A Doug's Life: Halloween Hijinks

Jeff Ortiz paused during an impromptu interview on his darkened front porch to get back to business.

"Somebody's coming," he mumbled through his Michael Myers fright mask.

Two teenage girls approached, hesitating as the mist from Ortiz's fog machine returned and the creepy music -- complete with moans and screams -- gradually increased. They gave me a strange look, as if a guy in jeans and a polo shirt was not who they were expecting.

"Go ahead," I told them. "It's not my house."

Stepping aside, I watched in amusement as Ortiz crept out of the shadows, candy bowl in his outstretched hands, saying nothing to the frightened girls as he stood there menacingly in the trench coat and mask made famous by the villainous character of the movie series whose title says it all:


Just as Ortiz put a scare into the neighborhood kids on Shadow Hills Court, residents all around Menifee enjoyed some good old-fashioned trick or treating Monday night. By 6 p.m., with dusk barely settling over the hills, little creatures had taken to the streets. Everywhere you looked, there they were: zombies, barnyard animals, princesses, Spongebob, Peter Pan...

And although doorbells went unanswered at some homes, most area residents in our unofficial survey in the Hidden Meadows community welcomed trick or treaters with scary yet safe surroundings and snacks.

Community involvement all around town helped make this a fun and family-centered time of year. Halloween events were held in several places throughout the last several days.

There was the Halloween Harvest Festival all weekend at Wickerd Farms; a "Halloween Fun" event Friday night at Lazy Creek Park; a "Zumballoween" party Saturday night at the Marion V. Ashley Community Center; "trunk or treat" parties at many area churches; and much more.

But when it comes right down to it, the real treasures of Halloween are the sights of little children marching up and down local streets, proudly wearing their costumes, parents at their side, sharing smiles with neighbors they know -- and some they've never met.

My escorts for the evening were three of my grandchildren, who along with me are fairly recent residents of Menifee. Kaylee, age 5 and Dorothy from the "Wizard of Oz" for the night, and her brother Cameron -- age 2 and safely tucked into a cow costume -- have lived here for a little more than a year. Riley, age 3 and dressed up like a "lady doctor," arrived in town about three weeks ago, with the rest of us.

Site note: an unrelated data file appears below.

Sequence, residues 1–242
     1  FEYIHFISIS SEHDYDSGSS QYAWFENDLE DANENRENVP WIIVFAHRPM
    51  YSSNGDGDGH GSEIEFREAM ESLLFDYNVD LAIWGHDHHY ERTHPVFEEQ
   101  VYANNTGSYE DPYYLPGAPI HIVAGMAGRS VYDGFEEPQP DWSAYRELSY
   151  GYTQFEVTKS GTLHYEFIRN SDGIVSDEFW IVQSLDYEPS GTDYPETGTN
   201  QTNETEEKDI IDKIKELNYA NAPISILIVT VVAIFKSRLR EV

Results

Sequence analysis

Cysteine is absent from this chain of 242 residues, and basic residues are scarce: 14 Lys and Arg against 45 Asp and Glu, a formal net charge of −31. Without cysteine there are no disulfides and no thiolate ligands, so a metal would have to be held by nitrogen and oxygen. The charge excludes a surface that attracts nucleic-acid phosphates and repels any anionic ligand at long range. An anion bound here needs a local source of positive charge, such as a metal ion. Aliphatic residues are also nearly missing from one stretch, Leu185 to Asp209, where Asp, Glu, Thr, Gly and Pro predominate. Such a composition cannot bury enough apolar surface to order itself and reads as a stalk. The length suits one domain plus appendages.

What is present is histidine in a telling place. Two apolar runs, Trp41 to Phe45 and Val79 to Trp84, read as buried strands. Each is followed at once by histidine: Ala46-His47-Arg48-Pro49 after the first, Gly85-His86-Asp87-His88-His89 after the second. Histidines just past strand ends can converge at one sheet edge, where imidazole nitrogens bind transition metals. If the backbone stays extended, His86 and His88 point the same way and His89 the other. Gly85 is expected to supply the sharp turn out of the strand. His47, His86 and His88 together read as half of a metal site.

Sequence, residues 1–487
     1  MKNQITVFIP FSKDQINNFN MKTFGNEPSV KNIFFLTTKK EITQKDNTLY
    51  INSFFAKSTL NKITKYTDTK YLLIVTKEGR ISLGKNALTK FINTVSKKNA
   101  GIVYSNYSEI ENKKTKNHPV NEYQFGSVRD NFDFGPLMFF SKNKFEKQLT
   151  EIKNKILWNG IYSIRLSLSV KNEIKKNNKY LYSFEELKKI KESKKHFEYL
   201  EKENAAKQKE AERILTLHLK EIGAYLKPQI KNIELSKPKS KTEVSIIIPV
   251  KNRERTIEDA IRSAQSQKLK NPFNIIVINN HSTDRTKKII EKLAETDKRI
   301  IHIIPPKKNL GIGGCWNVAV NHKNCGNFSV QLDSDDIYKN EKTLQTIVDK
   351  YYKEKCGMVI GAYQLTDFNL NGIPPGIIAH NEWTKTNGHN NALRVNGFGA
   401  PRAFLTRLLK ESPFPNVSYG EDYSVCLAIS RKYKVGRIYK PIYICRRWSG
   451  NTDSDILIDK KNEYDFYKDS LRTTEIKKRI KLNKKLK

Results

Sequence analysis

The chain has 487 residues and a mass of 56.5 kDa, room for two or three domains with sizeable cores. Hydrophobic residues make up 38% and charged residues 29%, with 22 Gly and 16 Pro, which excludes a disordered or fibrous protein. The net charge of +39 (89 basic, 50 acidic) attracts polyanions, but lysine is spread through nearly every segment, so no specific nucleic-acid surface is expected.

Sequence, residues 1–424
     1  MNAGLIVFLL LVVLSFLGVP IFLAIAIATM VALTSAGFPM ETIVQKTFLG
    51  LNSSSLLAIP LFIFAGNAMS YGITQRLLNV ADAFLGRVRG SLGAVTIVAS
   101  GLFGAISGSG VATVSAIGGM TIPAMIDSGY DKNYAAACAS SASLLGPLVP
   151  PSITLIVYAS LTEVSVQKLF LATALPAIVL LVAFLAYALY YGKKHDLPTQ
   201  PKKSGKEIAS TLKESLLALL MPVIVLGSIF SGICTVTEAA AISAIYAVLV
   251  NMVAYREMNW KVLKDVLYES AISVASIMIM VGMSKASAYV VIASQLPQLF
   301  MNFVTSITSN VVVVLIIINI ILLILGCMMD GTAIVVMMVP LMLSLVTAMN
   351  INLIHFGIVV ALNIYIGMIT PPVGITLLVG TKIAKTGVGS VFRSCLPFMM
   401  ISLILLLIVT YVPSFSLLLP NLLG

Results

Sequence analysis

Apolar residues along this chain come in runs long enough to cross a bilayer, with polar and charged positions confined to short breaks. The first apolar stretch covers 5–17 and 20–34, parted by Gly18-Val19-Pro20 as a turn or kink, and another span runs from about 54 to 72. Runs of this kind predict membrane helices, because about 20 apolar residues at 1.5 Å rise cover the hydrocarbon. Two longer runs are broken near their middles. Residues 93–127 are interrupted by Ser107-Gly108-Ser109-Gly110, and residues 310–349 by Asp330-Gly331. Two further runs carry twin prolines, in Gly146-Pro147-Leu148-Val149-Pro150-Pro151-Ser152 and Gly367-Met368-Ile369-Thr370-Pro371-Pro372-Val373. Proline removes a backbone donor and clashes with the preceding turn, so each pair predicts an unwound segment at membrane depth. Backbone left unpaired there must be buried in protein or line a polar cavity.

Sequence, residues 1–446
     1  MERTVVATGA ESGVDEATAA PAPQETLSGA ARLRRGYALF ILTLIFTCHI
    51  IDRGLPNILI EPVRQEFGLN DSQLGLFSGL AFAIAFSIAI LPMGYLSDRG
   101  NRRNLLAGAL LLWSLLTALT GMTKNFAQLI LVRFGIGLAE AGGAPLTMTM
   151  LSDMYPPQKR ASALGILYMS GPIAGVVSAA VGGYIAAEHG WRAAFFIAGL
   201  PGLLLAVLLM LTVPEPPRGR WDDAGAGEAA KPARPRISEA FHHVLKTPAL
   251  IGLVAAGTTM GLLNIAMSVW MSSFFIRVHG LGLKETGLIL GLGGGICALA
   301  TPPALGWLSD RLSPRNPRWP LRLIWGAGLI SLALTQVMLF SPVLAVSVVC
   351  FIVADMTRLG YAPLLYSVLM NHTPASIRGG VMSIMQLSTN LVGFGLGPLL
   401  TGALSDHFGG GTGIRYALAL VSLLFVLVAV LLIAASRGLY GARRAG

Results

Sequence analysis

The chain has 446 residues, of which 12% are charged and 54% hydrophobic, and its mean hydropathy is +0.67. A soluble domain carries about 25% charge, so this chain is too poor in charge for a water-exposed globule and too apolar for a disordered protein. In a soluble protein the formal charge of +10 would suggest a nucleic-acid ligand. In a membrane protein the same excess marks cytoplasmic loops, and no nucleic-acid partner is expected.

Where we come from, Halloween has changed a bit over the decades. I'm not saying our section of the San Gabriel Valley has become too dangerous for night-time walks, but the emphasis on a "safer Halloween environment" has certainly resulted in fewer little kids knocking on neighborhood doors. Instead, parents are urged to take their children to public places where large crowds gather for trick or treating.

This trend has become popular in many towns across the country. But at least on this night in this town, the kids were out in force on the local streets and the residents were loving it.

"This is the way I remember Halloween, growing up as a kid," said Ortiz, who previously lived in South El Monte. "You'd be scared to go up to a house, but you'd do it anyway because you wanted the candy. It was fun.

"Now they tell the kids to go to churches for trunk or treating or to the mall. We're losing that small-town appeal of Halloween neighborhoods. I'm just trying to do my part to bring it back."

Ortiz, president of the Hidden Meadows Home Owners Association, advertised his "haunted house" on the community Facebook page. His neighborhood wasn't unique in this regard. In the Heritage Lake community, residents were asked to tour "haunted houses" in the neighborhood and vote on their favorite.

In Hidden Meadows, Halloween was a lot more fun than a stroll through the local mall would've been. Cameron the cow had a little trouble keeping up with Dorothy and the lady doctor, but the look on his face as he approached each door was precious. Kaylee's exclamation of "Look, now I got five Nerds" was worth the long walk. And Riley's enthusiastic runs up each walkway were reminiscent of the childhood each adult re-lived for a few moments as we exchanged greetings on the sidewalks.

The residents of Highland Court, a quiet cul-de-sac, get together each year on this night for fellowship, food and fun for the kiddies. Dorothy, Dr. Riley and the cute little cow collected candy from a well-stocked table on the driveway of Tony Aguirre, host of this year's block party, as introductions were made.

"We take turns hosting this," Aguirre said. "Somebody said, 'Hey we need a bigger driveway.' So this year, it's our turn."

Flames from a small portable firepit lit up the faces of the neighbors seated in a circle, joining trick or treaters in enjoying not only candy, but treats from another table stocked with sushi, chili, chips and other delights.

The firepit was well supervised because Dave, from down the street, is a firefighter. Mike, another neighbor, traded jokes with Louie Moreno, proclaimed the "mayor" of Highland Court by the others.

"We've been here five, six years, since the beginning," Moreno said. "Everybody on the block gets involved and contributes to the food and candy."

When, I asked, is Moreno's term as "mayor" up?

"You can't vote him out," shouted Mike from the other side of the driveway. "He's got the pool."

Yep, I think I'm gonna like this place.


  1. Speaking of Riley... i found her doctors badge in the street! lol. Does she eant to keep it? I have it!

  2. Yes Stacy, we'd love to get the doctor's badge back. I didn't even realize she had lost it. Are you on Facebook? You can message Doug Spoon there or put a post on the Menifee 24/7 Facebook page and I can message you to make arrangements to get it back.